Tonight, we started with a relaxation exercise (which I might have to adopt as my new sleeping position), and then moved into our first pose. This was hatha yoga, so we would get into a pose and hold it for a few breaths. It was kind of awesome. She talked us through how to move each part of our body to get into the various positions, most of which I already knew or had already done, but I didn't know that was what she was having us do until we got there. Like all of the puzzle pieces coming together. And she corrected the little things I've been doing wrong this whole time. She worked on the other students, too, as they needed it, and was always careful to ask permission before physically re-posing us. I know, this seems like a minor thing, but I think it shows fantastic respect when an instructor remembers to ask first.

While we held poses, I could feel my muscles shaking, fighting to maintain, and I kind of loved it. It felt amazing to be doing something physical again. My ankle did not limit my movement too much, though a couple of times I just posed through the pain. It was more of a "holding a deeper stretch than you're used to" pain than a "wow, I messed up my ankle again" pain, so I think I'm okay. By the end of the class, my ankle felt awesome. Better than it has in months (though walking down the stairs after class was not fun). I think it liked being used.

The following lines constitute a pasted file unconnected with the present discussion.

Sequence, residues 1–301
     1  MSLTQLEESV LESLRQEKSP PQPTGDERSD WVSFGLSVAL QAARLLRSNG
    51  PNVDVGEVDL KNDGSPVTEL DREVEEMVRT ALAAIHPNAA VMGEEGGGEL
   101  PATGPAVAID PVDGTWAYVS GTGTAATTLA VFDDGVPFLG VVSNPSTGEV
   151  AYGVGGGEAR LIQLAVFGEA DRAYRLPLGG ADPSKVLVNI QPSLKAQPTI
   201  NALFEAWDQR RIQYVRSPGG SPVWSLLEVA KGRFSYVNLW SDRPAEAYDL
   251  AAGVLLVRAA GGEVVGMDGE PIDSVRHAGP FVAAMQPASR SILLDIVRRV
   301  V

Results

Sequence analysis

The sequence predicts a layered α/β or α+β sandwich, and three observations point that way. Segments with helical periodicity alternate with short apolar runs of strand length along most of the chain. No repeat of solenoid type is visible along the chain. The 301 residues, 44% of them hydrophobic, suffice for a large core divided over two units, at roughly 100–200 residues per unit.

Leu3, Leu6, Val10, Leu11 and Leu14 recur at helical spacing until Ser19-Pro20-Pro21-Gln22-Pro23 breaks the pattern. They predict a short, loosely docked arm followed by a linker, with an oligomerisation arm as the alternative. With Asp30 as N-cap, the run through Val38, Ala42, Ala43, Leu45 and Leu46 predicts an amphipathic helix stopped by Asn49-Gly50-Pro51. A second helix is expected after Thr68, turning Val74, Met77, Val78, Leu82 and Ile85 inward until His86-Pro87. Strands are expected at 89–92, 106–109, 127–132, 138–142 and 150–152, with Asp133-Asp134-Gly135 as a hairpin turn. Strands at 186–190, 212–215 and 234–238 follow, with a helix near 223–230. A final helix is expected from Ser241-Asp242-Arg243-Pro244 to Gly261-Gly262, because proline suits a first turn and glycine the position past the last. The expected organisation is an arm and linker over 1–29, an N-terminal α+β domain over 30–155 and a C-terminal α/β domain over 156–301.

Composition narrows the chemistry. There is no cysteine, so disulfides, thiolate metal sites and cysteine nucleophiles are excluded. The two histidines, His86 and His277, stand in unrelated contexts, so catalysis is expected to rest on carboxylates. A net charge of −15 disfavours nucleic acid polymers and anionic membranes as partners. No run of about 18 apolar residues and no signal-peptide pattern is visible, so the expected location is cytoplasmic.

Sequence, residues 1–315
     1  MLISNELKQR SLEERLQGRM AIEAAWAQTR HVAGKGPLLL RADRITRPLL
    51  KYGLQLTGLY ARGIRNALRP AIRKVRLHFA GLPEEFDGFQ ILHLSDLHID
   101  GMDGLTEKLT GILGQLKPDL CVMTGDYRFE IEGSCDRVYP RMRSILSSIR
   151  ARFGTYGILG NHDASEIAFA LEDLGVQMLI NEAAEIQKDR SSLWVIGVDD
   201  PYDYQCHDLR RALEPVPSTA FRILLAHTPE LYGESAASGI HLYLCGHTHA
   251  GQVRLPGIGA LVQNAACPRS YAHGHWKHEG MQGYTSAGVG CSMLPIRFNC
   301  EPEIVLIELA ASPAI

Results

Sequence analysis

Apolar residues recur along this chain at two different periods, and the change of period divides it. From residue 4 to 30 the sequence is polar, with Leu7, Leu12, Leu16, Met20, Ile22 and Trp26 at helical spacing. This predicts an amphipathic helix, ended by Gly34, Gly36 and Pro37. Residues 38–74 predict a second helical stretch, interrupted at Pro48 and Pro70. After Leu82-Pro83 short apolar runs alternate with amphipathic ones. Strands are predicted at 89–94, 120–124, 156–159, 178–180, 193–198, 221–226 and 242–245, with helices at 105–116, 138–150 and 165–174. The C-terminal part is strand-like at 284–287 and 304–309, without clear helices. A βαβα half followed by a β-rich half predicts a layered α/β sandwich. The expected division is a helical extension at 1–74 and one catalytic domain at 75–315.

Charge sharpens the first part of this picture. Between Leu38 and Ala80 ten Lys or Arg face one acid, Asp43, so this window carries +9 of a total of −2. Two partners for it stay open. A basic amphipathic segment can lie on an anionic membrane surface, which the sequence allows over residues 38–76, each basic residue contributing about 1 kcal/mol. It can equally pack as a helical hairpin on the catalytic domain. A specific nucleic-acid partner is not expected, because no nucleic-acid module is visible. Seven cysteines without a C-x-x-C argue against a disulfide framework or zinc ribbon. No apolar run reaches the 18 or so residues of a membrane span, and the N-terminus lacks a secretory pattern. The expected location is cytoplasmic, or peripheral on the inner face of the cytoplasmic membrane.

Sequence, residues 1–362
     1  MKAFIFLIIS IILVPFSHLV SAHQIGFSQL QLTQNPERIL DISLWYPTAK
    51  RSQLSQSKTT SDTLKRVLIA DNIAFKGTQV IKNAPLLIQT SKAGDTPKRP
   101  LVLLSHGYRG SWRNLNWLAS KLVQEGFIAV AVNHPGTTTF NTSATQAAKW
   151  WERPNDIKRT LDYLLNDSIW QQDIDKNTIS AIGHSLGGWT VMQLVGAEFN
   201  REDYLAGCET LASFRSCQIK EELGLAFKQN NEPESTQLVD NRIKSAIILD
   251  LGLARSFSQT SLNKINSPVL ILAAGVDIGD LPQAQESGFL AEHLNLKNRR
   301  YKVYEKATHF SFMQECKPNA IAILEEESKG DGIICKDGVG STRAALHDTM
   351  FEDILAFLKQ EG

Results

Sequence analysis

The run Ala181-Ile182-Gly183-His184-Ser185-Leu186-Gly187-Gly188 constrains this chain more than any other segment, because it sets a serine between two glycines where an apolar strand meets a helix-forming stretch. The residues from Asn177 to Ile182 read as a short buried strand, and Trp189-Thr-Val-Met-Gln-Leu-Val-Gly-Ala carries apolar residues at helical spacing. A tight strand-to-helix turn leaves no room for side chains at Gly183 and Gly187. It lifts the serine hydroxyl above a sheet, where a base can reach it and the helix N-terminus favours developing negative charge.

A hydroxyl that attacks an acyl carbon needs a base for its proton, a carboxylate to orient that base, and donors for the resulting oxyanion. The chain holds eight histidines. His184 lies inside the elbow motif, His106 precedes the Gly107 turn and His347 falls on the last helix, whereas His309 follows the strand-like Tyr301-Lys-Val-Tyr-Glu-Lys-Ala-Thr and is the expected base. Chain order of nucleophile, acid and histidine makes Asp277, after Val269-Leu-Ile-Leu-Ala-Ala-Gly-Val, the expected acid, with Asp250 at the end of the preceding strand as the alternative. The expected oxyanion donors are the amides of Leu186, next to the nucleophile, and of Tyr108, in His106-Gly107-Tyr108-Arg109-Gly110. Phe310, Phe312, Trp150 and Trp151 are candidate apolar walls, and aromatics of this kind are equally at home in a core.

I learned that I am more flexible than I originally thought. I learned that some of the ways I would try to push my body to do yoga "correctly" or to "look impressive" were actually wrong and the more impressive way to go about things feels better, too. There were a few deep breaths that I took that felt like my chest grew to twice its normal size. I thought it was interesting at the end of class, when we were supposed to be relaxing that my mind was fantastically active. I felt Hamlet inside of me, then. Her dispair undercut by her enormous strength. I felt strong. I felt weak. I felt tall. I felt useless. I felt powerful. I felt disgust. I felt a love for my feet that I don't think I have ever felt before in my entire life.